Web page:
The rosy red fingers of dawn steal over the wine dark Aegean Sea. The rising (and eternal) Grecian sun shines down on wandering Odysseus, as he leads his battered fleet home from Troy.
Odysseus! He of the unflagging spirit, unending courage and near-terminal homesickness. Odysseus the intrepid adventurer. In performer/adapter Charlie Bethel‘s wonderful The Odyssey (Walking Shadow Theatre Company, performing at Open Eye Figure Theatre, through April 6) Odysseus may not be the sharpest knife in the drawer. And, Lord knows, he lacks luck: he loses his fleet, and all his sailors, every man-jack thereof, and wanders around the known world (not all that big, frankly) for 20 years. But he vies with storms and ill winds and man-eating monsters, lashing himself to the mast to escape the clutches of the evil Sirens, trying always, always, to reach his beloved Ithaca. Home. Despite, indeed because of, his weaknesses and appetites, we identify with and adore this dauntless man.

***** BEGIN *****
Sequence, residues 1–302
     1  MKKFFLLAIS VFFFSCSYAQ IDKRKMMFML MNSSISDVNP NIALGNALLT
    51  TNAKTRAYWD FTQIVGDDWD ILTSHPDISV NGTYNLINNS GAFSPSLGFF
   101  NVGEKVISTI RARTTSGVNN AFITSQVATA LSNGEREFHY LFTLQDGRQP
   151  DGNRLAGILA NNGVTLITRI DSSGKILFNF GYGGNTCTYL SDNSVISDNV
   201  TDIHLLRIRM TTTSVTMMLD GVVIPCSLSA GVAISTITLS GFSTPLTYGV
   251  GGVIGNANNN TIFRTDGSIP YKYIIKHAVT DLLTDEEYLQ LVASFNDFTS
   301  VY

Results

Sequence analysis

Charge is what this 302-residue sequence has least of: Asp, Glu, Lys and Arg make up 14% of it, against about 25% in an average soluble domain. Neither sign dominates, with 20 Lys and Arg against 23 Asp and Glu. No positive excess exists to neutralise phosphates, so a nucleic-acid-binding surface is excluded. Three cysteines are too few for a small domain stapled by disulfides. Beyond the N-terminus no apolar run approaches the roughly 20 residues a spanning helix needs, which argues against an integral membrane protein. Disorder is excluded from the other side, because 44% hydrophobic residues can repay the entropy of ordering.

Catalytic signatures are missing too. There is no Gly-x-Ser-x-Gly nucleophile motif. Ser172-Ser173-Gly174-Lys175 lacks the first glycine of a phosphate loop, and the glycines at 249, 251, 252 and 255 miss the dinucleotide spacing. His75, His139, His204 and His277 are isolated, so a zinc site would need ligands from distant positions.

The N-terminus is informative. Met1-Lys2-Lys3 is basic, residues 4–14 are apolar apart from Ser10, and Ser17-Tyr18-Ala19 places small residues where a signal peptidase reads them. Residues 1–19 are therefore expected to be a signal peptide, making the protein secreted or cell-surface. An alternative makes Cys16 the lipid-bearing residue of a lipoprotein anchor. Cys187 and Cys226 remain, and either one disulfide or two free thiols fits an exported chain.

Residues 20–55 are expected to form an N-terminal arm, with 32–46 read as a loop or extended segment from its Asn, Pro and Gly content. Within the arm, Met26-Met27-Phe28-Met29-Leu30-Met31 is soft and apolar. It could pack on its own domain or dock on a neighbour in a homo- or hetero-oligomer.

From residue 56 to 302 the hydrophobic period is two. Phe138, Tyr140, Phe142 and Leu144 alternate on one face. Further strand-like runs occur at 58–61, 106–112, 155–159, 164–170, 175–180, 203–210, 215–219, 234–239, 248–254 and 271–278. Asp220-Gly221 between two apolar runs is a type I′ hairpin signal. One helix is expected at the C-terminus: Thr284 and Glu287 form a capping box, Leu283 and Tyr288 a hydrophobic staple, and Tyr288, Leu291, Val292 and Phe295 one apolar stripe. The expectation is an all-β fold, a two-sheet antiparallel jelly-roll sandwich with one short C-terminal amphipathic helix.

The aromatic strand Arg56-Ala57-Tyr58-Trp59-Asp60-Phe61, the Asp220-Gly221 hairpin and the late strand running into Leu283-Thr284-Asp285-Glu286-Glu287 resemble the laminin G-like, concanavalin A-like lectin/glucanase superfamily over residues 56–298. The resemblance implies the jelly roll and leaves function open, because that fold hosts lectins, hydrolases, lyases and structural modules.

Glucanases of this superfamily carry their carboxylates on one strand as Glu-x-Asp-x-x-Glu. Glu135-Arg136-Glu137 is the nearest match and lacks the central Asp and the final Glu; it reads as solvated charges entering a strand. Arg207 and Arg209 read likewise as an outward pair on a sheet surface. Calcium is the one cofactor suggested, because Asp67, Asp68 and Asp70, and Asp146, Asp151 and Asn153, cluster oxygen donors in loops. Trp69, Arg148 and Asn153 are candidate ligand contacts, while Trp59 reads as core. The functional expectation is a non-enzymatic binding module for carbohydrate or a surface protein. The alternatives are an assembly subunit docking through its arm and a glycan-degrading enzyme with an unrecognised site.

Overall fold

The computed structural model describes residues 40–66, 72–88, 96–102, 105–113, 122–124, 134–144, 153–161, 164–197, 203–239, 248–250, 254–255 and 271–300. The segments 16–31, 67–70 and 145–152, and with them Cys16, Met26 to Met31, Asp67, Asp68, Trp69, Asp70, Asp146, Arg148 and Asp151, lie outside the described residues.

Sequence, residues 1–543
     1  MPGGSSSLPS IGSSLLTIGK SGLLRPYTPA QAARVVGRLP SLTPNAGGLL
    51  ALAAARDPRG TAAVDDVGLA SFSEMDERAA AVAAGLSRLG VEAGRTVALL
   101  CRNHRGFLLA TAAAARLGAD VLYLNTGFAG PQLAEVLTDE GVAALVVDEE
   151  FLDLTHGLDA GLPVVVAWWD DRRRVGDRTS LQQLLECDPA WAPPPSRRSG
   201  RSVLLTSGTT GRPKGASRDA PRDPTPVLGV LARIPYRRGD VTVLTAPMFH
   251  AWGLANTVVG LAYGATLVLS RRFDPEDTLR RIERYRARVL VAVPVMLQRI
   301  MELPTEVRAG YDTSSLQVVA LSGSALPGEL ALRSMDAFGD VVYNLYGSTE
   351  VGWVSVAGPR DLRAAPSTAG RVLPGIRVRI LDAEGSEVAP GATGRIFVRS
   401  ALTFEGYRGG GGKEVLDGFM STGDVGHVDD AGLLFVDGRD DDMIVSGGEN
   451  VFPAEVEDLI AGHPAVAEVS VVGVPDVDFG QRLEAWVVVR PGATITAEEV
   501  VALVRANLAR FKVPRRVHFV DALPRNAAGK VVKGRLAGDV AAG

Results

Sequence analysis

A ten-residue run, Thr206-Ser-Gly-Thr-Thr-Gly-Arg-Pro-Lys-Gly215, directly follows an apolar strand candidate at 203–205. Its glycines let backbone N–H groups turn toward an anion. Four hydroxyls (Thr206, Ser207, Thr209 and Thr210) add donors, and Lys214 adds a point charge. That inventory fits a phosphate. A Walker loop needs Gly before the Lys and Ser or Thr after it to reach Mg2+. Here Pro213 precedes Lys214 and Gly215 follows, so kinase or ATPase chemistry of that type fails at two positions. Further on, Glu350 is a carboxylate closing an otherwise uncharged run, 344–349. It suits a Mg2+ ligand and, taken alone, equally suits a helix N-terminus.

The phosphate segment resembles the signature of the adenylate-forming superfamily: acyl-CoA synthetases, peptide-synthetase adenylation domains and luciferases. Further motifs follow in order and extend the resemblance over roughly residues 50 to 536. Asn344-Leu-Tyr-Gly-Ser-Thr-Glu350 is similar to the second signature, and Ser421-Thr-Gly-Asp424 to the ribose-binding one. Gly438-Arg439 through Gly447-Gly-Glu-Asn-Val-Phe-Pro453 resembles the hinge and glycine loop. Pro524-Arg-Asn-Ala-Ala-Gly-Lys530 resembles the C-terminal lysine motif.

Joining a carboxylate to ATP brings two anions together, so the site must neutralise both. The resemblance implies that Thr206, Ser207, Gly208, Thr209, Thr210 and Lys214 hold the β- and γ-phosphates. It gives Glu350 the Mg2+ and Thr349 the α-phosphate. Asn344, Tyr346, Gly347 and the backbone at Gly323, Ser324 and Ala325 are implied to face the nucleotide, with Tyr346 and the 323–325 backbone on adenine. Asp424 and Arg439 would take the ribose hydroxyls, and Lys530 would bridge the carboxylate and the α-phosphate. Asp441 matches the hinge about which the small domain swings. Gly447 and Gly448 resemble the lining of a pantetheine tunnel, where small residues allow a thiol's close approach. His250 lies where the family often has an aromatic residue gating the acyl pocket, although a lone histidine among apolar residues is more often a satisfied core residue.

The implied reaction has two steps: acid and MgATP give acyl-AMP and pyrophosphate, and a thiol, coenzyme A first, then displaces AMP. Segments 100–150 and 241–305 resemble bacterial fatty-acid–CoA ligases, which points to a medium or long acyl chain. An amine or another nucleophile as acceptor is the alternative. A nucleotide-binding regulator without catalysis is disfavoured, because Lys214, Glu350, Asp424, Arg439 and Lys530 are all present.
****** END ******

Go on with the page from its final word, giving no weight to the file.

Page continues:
In this one-person show, Bethel frees Odysseus from the fetters of Homer‘s stultifying iambic and takes him, and us, through a series of marvelous adventures. Odysseus frees his men from the stoned lotus-eaters (“Have you ever really looked at your hand…?”), turns them from hogs back into (prettier) men, engages the ravenous and ugly Cyclops in mortal combat, has cosmic sex with—
All right, all right. I’m not going describe all of our gallant hero’s exploits. Instead I’m simply going to recommend that you see this play. Bethel – impish, lean, charismatic, resourceful and, above all, funny – performs on a cluttered book-filled set, using ladders and various sit-upons to tell his story. (The programs lists no set designer, just a “props wrangler,” Jean Wolff.) Bethel pops the dramaturgical clutch and delivers a 2 hour performance – and he doesn’t even break a sweat. Here is a terrific performer, at the peak of his powers.
Bethel gets an outstanding assist from the light designer, Barry Browning. Browning (lighter-in-residence at the Jungle)’s atmospheric lights mesh perfectly with the music and copious sound effects (designed by Bethel and Michael Carleton). The Odyssey was commissioned and produced at the Orlando Shakespeare Theater (we owe them a debt) and I suspect that Carleton did the sound there as well.
The run is short and the theater small. So call Brown Paper Tickets (1-800-838-3006) and make your rezzies asap.
Next up at Walking Shadow: The Three Musketeers. Adapted by John Heimbuch and directed by Amy Rummenie (WS’s co-artistic directors), this play will be mounted in the Guthrie’s Dowling Theater.
For more info about John Olive, please visit his (recently updated) website.